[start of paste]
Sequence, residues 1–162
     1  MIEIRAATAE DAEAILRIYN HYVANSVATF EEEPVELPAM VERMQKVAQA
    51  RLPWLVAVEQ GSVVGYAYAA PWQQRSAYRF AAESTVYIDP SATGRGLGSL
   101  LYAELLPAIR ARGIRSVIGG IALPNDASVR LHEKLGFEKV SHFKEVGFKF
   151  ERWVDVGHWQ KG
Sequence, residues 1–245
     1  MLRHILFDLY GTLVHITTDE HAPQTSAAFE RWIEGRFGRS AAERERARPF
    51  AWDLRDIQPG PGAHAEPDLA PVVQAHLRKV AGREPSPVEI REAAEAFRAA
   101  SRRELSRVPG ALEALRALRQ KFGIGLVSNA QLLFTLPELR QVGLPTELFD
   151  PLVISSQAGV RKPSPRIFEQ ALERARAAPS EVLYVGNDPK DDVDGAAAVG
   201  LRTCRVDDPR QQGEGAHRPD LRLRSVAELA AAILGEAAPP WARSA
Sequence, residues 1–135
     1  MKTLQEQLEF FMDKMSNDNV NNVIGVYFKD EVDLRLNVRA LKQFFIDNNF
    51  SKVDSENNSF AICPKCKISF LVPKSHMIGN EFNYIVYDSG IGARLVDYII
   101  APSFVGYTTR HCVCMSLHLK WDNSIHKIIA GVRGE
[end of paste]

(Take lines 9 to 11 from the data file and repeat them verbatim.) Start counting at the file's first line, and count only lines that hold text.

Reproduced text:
   101  SRRELSRVPG ALEALRALRQ KFGIGLVSNA QLLFTLPELR QVGLPTELFD
   151  PLVISSQAGV RKPSPRIFEQ ALERARAAPS EVLYVGNDPK DDVDGAAAVG
   201  LRTCRVDDPR QQGEGAHRPD LRLRSVAELA AAILGEAAPP WARSA